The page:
The Supreme Court has held that there was no legal obligation to consider the equality impact of excluding Palestinians from the UK’s resettlement scheme for refugees from Syria. The design of the scheme was therefore lawful. The case is R (on the application of Marouf) v Secretary of State for the Home Department  UKSC 23.
In short, the UK’s resettlement scheme relied on one United Nations agency, the United Nations High Commissioner for Refugees (UNHCR), to select refugees for resettlement. This had the effect of excluding from the scheme the many Palestinian refugees living in Syria. This is because UNHCR is excluded from responsibility for Palestinians because they are the responsibility of a different United Nations agency, United Nations Relief and Works Agency for Palestine Refugees (UNRWA).
The Palestinians living in Syria were no less in need of protection or resettlement than other residents of Syria. But the design of the UK’s ‘bespoke’ scheme excluded them. Whether this was by design or by accident is not clear but it was probably the latter – the High Court found there was no evidence the Home Secretary had ever even thought about the issue.
The background to the case is the unique position of Palestinians in refugee law; see our explainer Briefing: Article 1D of the Refugee Convention and Palestinian refugees. In summary, the vast majority of Palestinians are legally stateless. UNRWA provides humanitarian assistance to those who meet its criteria and are registered with it in the Occupied Palestinian Territories, Syria, Jordan, and Lebanon. Its mandate does not, however, extend to resettlement abroad.
The appellant, Ms Marouf, is Palestinian and was previously one of over 575,000 registered with UNRWA in Syria. Due to the conflict there she fled to Lebanon. No one disputed that she was highly vulnerable.
If Ms Marouf had been Syrian, she could have applied to be resettled in the UK under the Vulnerable Persons Resettlement Scheme. This was launched by the then Home Secretary in January 2014 to provide a safe and legal route for the most vulnerable displaced Syrian nationals. It was later expanded to include anyone who had fled Syria.
The problem for Ms Marouf was that the resettlement scheme relied on the UNHCR to identify beneficiaries. The UNHCR’s mandate does not include people receiving assistance from another UN agency – such as UNRWA. Ms Marouf and many like her were therefore ineligible for the resettlement scheme.
Ms Marouf brought a judicial review challenging the adoption and operation of the scheme. She argued that it unlawfully discriminated against Palestinians, that it was irrational, and that there had been a breach of the public sector equality duty. The Court of Appeal decided against her. She was granted permission to appeal to the Supreme Court on the equality duty point only. The issue for the Supreme Court was whether that duty had extraterritorial effect – that is, whether it applied in relation to people outside the UK.
The public sector equality duty
The public sector equality duty comes from section 149(1) of the Equality Act 2010, which states:
A public authority must, in the exercise of its functions, have due regard to the need to—
(a) eliminate discrimination, harassment, victimisation and any other conduct that is prohibited by or under this Act;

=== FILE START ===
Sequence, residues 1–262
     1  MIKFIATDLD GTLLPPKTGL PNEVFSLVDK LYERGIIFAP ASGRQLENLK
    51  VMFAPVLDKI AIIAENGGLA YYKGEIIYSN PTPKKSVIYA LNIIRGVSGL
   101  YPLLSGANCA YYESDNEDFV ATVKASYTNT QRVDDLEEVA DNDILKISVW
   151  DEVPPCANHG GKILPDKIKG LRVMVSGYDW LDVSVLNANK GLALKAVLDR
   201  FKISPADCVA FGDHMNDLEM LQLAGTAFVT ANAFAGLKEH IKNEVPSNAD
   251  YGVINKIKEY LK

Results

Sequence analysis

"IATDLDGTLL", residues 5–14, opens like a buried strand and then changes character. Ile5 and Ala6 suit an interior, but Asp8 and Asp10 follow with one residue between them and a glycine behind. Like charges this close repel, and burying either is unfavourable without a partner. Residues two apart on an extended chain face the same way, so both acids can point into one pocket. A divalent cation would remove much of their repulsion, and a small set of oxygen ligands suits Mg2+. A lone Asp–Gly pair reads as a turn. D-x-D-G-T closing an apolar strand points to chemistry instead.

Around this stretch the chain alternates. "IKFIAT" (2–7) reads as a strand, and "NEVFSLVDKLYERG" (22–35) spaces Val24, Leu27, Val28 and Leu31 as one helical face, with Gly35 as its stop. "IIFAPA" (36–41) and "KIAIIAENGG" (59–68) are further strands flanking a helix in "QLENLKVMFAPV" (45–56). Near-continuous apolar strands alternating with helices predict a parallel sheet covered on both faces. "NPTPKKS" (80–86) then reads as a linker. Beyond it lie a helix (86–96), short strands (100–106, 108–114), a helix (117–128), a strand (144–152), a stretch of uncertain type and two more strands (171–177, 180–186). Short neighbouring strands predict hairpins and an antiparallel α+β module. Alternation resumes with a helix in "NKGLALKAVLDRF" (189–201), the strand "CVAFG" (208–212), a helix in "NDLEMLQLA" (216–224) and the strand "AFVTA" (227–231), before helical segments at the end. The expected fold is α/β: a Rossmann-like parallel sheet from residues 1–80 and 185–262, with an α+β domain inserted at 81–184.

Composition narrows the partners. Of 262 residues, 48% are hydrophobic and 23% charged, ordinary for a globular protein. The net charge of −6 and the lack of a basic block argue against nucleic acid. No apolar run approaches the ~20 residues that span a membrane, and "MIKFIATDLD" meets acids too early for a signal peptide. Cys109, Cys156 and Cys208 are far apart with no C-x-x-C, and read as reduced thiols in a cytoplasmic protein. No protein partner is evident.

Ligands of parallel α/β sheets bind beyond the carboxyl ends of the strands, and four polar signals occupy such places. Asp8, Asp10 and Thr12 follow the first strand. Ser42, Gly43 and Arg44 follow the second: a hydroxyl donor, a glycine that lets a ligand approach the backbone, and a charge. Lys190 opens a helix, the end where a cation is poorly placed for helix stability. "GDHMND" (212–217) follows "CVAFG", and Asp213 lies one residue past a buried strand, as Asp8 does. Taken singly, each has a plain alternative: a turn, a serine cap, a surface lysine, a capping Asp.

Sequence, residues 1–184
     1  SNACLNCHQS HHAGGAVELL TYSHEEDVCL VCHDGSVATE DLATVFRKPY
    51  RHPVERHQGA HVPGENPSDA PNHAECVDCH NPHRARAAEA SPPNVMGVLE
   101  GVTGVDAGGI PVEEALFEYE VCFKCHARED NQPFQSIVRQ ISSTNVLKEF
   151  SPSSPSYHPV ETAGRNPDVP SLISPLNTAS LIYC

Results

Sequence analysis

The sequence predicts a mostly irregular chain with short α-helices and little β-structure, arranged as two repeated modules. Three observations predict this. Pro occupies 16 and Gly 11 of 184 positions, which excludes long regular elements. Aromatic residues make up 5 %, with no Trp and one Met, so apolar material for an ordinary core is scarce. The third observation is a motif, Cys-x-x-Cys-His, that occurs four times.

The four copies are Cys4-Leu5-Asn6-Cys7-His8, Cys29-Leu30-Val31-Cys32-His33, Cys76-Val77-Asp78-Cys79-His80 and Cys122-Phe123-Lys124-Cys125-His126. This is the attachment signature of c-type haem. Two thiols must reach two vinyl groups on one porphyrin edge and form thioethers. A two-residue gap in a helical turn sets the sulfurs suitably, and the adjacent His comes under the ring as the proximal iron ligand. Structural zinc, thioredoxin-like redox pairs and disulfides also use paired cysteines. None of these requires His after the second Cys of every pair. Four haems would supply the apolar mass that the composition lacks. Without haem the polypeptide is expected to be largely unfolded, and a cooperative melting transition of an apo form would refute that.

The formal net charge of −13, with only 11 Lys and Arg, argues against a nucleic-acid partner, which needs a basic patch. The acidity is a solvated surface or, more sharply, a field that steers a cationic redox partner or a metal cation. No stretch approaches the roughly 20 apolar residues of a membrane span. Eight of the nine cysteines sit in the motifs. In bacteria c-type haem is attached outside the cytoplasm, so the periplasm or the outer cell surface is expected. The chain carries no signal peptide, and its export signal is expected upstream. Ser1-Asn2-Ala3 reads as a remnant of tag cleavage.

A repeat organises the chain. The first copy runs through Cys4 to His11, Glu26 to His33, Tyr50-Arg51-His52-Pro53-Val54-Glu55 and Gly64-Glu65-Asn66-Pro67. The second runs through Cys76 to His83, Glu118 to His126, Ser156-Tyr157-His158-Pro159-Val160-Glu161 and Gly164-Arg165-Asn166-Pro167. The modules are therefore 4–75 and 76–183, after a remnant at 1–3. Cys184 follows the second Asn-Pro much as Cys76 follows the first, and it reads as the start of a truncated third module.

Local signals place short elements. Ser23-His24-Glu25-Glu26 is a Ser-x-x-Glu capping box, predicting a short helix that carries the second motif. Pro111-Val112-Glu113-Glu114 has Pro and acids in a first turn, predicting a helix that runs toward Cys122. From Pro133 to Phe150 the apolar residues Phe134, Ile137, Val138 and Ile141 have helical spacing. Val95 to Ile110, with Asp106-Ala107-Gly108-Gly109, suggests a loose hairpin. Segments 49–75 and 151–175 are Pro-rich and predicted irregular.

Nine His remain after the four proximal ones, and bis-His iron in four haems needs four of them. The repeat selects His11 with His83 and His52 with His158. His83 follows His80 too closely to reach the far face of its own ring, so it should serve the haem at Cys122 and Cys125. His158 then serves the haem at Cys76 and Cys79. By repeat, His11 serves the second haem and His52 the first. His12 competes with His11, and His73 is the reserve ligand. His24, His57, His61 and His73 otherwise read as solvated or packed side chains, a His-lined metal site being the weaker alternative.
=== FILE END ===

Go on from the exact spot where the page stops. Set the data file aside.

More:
(b) advance equality of opportunity between persons who share a relevant protected characteristic and persons who do not share it;
(c) foster good relations between persons who share a relevant protected characteristic and persons who do not share it.
One of the protected characteristics, under section 149(7), is race. The High Court had already found that the Home Secretary had not had regard to the need to advance equality of opportunity for Palestinian refugees like Ms Marouf. That meant that the scheme was being operated unlawfully if the public sector equality duty had extraterritorial effect. But did it?
Lady Rose, giving the Supreme Court’s only judgment, held that the answer was no. After a survey of the relevant case law, she concluded that there is a ‘well-established’ presumption that Parliament does not intend legislation to have extraterritorial effect unless it expressly says so. It is possible to show that an individual section or statute was intended to apply abroad, but the threshold for doing so is high.
That threshold, Lady Rose said, is not met in the case of the public sector equality duty. There is nothing in the wording of the legislation to support Ms Marouf’s argument. The ‘public authorities’ listed in the Equality Act have responsibilities to foster good relations within their own communities, but it would go too far to make them accountable to overseas communities as well without Parliament having stated this expressly.
The appeal was therefore dismissed.
The outcome of Marouf will be disappointing to those who want the UK government to be more accountable for the worldwide impact of its decisions.
However, the judgment does not completely shut the door on raising equality issues concerning people outside the UK. As Lady Rose pointed out, there remains a common law duty on public bodies to take account of all material factors before making a decision. In a case where the decision is to be implemented abroad, those factors might include the inequality faced by people living there who have a particular characteristic. If it is not considered when it should have been, a judicial review may still succeed.
The operation and scope of resettlement schemes is a controversial topic. Ms Marouf’s case illustrates the problem, previously discussed here, that those most in need can all too often themselves excluded.